The Buy American Act: New focus on government contract compliance

On April 18, 2017, President Trump issued an Executive Order1 requiring that every government agency “…scrupulously monitor, enforce, and comply with Buy American Laws… and minimize the use of waivers, consistent with applicable law.”

Government agency surveillance of contractor Buy American Act compliance in recent years appears to have been inconsistent2.  Allegations of Buy American Act violations over the last several years appear to be more frequently the result of competitive bid protests of awardee compliance or qui tam (i.e., whistle blower) allegations of non-compliance than agency or prime contractor compliance surveillance activities3.

However, that could change with the President’s Executive Order and increased contracting agency focus on Buy American Act compliance.  This leaves contractors vulnerable if they do not have effective compliance programs in place to ensure their articles, materials, and supplies comply with their contractual obligations.  Findings of non-compliance could lead to a number of compensatory and punitive penalties.

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Compliance modernization is no longer optional

How evolved is your approach?

More than just a cost of doing business. To Chief Compliance Officers, it’s a refrain they’ve heard for years: a challenge, an ambition, and perhaps a sliver of veiled insult. Few dispute that the resources an organization devotes to keeping out of trouble have the potential to contribute far more than they traditionally have.

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What is the role of compliance in battling cyber risk?

Cross-Industry Compliance Leadership Summit eyes the intersection of two disciplines

“It’s called the cloud,” Deloitte & Touche LLP Principal Julie Bernard remarked. “It’s not called the vault. Keep that in mind.”

Bernard and Deloitte & Touche LLP Managing Director Susan Ameel moderated a session at Deloitte Advisory’s recent Cross-Industry Compliance Leadership Summit about the ways compliance and cyber security meet, and how the executives responsible for those areas might benefit by coordinating their efforts.

Many of the industries most subject to cyber attacks are also among the ones that have the most sophisticated regulatory and compliance obligations. Financial services, energy and utility companies, health care organizations, defense and aerospace – they all have to safeguard their own sensitive data, their customers’ information, or both.

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So be good, for goodness’ sake

Predictive technology can help employers find the roots of both personal and corporate noncompliance. Where are the ethical boundaries?

As data-gathering and analytics technologies amass more and more ability to squeeze information out of what may feel like thin air, employers face new questions about using these tools to predict and detect behavior. “Can” vs. “can’t” isn’t the only frontier. There’s also “can” vs. “should.” At least one participant in Deloitte’s Cross-Industry Compliance Leadership Summit described themselves as “slightly aghast” at the possibilities.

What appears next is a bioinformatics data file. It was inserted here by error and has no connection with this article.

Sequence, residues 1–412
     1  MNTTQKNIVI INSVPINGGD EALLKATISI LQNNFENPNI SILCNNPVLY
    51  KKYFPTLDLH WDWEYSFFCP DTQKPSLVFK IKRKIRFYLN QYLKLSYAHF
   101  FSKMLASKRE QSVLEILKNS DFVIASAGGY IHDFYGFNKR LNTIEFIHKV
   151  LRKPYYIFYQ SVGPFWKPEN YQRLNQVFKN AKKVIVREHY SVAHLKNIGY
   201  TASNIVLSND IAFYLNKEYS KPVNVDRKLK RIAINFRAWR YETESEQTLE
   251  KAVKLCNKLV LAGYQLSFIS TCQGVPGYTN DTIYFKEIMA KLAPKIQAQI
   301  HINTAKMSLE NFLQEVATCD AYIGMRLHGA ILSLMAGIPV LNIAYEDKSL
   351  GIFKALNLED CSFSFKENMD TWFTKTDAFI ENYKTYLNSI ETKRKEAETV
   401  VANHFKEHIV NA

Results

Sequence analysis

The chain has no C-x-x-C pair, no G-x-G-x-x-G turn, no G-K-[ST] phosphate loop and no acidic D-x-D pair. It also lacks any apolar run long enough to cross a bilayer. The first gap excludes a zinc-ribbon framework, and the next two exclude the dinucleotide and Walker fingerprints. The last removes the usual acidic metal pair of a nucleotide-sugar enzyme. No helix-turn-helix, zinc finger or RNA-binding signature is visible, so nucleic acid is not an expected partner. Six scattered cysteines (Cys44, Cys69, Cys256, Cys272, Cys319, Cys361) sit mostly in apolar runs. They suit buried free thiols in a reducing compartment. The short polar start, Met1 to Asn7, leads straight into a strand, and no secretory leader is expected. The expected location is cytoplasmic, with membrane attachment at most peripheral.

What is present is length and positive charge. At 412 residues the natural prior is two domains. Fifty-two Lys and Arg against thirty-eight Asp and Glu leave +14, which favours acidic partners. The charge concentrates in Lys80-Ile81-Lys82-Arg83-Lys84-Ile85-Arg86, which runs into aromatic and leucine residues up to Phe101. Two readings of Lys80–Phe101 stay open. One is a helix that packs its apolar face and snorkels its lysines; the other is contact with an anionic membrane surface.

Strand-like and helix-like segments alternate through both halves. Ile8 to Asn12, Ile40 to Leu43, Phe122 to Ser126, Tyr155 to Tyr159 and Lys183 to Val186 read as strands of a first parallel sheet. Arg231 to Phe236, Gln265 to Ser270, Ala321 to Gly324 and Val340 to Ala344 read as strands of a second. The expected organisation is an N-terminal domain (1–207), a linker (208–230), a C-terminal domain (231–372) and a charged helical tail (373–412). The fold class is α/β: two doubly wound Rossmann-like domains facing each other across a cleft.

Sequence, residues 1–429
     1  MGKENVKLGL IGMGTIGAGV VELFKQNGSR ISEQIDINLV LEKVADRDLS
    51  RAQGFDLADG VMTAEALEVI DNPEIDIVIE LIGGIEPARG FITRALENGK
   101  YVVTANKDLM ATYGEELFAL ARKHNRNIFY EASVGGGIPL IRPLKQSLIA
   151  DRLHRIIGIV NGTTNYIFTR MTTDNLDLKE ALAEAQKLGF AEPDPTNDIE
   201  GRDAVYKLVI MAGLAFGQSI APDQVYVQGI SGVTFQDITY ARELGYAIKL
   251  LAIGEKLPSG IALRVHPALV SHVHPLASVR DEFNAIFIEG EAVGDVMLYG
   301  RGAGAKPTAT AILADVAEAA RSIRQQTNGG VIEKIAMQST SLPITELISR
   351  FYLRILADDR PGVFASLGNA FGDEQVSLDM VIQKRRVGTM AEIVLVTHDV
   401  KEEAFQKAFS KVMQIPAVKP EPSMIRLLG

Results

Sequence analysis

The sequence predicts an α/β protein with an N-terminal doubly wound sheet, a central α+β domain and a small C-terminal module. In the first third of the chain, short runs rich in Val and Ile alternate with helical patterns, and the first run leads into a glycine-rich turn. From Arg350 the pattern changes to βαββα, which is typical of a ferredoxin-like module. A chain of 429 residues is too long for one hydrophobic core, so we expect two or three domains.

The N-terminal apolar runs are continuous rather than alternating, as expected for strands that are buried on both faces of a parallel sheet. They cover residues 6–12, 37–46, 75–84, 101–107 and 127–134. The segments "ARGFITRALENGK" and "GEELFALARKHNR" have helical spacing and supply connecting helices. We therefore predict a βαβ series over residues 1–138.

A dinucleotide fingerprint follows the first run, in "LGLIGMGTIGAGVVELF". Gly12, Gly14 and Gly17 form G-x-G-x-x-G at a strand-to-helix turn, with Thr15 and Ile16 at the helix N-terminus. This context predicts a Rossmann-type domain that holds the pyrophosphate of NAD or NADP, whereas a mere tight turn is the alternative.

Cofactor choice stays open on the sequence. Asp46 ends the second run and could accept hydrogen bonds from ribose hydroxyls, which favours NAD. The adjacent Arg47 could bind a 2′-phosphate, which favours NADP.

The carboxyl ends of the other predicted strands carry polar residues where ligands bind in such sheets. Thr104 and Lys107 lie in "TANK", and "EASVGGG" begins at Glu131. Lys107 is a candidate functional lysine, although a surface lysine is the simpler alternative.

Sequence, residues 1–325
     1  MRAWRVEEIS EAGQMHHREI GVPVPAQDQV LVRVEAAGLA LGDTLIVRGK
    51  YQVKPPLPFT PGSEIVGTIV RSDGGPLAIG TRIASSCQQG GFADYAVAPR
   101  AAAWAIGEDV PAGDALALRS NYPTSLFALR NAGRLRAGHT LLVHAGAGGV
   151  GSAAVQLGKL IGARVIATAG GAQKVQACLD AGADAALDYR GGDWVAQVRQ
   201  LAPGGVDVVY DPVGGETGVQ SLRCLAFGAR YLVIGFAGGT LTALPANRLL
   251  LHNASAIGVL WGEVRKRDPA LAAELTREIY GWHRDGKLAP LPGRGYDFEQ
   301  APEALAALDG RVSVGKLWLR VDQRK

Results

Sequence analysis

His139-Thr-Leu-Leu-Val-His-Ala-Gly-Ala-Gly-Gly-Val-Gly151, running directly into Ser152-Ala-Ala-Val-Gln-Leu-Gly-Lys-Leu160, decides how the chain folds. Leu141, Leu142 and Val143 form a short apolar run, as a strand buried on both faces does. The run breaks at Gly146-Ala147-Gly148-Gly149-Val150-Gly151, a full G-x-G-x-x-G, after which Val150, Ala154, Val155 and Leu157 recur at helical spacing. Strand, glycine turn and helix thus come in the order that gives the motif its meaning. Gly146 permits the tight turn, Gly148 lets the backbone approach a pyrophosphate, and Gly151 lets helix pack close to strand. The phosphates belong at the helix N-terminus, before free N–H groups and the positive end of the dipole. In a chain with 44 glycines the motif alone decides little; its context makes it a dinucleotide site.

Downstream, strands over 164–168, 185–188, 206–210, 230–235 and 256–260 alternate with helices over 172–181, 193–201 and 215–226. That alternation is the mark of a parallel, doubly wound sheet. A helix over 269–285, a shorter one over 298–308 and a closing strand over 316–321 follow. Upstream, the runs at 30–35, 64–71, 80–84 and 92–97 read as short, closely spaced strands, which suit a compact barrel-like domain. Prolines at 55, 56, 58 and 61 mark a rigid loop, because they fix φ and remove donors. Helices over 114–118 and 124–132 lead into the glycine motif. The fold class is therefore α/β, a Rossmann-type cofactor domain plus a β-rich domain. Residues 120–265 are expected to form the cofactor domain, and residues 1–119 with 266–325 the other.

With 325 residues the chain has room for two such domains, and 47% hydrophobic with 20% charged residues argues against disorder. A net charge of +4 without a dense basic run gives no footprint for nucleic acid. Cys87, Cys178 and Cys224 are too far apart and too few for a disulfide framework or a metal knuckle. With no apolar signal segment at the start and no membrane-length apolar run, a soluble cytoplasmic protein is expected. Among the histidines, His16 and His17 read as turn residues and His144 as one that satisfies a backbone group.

In addressing the summit, hosted by the Deloitte Center for Regulatory Strategy Americas, Deloitte & Touche LLP Advisory Principal John Lucker said that whatever the benefits of predictive technology, one thing organizations “shouldn’t” do is allow the perfect to be the enemy of the good.

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Ethics has a strong business case, but measurement is less certain

Cross-Industry Compliance Leadership Summit explores corporate behavior

Are a “culture of ethics” and a “culture of compliance” the same thing? How does an organization build an ethical culture, and how can it measure the results?

At the recent Cross-Industry Compliance Leadership Summit hosted by the Deloitte Center for Regulatory Strategy Americas, New York University Professor Jonathan Haidt suggested there is a method corporate leaders can use to tackle these questions – and he compared notes with compliance executives who tackle them in real life every day.

Haidt is a social psychologist and author of the New York Times bestseller “The Righteous Mind.” His view is not only that there is a business case for ethics beyond “ethics for ethics’ sake,” but that large organizations can design ethical systems by working from the individual level on up. And he says the practice of measuring ethical culture is evolving.

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Across industries, 2016 shapes up as a year of regulatory transformation

Posted by Christopher Spoth, Executive Director, Deloitte Center for Regulatory Strategies, on February 19, 2016